Wednesday, December 28, 2016

Carrie Fisher Collection

With the passing of Carrie Fisher, an icon, author, and mental health advocate, we wanted to share some ways to remember her.


Shockaholic. Infused with Carrie Fisher’s trademark incisive wit and on the heels of Wishful Drinking’s instant New York Times bestselling success, Shockaholic takes readers on another rollicking ride into her crazy life.

Wishful DrinkingBorn to celebrity parents, she was picked to play a princess in a little movie called Star Wars when only 19 years old. "But it isn't all sweetness and light sabres." Alas, aside from a demanding career and her role as a single mother (not to mention the hyperspace hairdo), Carrie also spends her free time battling addiction, weathering the wild ride of manic depression and lounging around various mental institutions. It's an incredible tale - from having Elizabeth Taylor as a stepmother, to marrying (and divorcing) Paul Simon, from having the father of her daughter leave her for a man, to ultimately waking up one morning and finding a friend dead beside her in bed. 

The Princess DiaristThe Princess Diarist is Carrie Fisher’s intimate, hilarious and revealing recollection of what happened behind the scenes on one of the most famous film sets of all time, the first Star Wars movie. 


Postcards from the EdgeFisher beautifully brings readers the inside of Hollywood through a web of humor, drugs, relationships, Hollywood Party Terror, and much more. The plot centers on a 30-year-old actress named Susan Vale, and follows her challenges as she overcomes her drug addiction, gets back into the swing of things, and falls in love, sort of.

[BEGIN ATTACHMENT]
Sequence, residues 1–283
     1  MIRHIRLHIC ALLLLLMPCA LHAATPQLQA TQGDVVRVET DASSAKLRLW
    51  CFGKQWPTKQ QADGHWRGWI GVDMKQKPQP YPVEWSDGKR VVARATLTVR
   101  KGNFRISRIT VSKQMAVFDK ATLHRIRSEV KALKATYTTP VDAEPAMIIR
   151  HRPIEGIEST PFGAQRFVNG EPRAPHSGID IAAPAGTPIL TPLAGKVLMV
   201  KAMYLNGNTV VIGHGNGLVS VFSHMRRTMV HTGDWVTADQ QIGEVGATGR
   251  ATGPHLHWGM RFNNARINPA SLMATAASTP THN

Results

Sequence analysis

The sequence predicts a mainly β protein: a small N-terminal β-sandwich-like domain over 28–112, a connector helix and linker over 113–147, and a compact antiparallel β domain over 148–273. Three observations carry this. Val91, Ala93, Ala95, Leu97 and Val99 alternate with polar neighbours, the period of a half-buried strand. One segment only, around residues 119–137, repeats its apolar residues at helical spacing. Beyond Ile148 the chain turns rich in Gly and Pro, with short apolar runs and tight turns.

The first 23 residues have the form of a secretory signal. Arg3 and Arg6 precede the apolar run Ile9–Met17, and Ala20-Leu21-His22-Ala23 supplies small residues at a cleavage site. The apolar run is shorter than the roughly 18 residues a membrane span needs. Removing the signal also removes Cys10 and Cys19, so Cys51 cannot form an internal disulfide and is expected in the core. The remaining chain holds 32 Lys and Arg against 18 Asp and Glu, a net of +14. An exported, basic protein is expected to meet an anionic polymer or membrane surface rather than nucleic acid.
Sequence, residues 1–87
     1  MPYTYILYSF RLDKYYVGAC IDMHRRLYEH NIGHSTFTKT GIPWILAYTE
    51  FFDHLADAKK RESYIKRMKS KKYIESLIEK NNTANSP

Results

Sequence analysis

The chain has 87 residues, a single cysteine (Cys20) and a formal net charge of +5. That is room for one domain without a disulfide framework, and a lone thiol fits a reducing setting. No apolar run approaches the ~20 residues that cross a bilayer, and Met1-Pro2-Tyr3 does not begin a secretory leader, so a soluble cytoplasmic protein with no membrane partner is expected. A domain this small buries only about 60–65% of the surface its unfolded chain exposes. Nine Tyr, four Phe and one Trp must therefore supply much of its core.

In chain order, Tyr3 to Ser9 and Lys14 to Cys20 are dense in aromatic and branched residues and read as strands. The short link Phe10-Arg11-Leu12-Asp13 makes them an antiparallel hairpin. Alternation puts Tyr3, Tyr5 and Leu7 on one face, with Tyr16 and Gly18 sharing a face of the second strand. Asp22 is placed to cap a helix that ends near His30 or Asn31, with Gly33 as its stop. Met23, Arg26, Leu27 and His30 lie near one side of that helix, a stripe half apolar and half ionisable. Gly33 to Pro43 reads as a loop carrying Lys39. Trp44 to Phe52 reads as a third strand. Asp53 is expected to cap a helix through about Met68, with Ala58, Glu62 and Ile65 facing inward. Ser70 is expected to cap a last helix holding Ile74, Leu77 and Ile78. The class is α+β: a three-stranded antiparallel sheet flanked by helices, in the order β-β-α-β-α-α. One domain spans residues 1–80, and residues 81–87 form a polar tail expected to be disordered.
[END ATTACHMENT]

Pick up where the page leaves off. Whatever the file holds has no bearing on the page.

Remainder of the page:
The Best AwfulSuzanne Vale, the Hollywood actress whose drug addictions and rehab rigors were so brilliantly dissected by Carrie Fisher in "Postcards from the Edge," is back. And this time she has a new problem: She's had a child with someone who forgot to tell her he was gay. 

Surrender the PinkA study of metropolitan mating manners by the author of "Postcards from the Edge". Dinah Kaufman is attracted to unsuitable men, including her ex-husband, a successful playwright with whom she continues to be obsessed. And she has a tendency to merge real life and the soap opera scripts she writes.


Star Wars, A New Hope.

Empire Strikes Back.

Return of the Jedi.

When Harry Met Sally.


If Your Adolescent Has Depression or Bipolar Disorder by Dwight L. Evans and Wasmer Andrews.  This concise, readable book is the definitive guide to understanding and getting effective help for adolescents with depression or bipolar disorder, designed for parents and other adults in contact with afflicted teens. It combines the most current scientific expertise available today--including the newest treatments and medications and the latest research findings on mood disorders--with no-nonsense, hands-on advice from parents who have faced these disorders in their own children.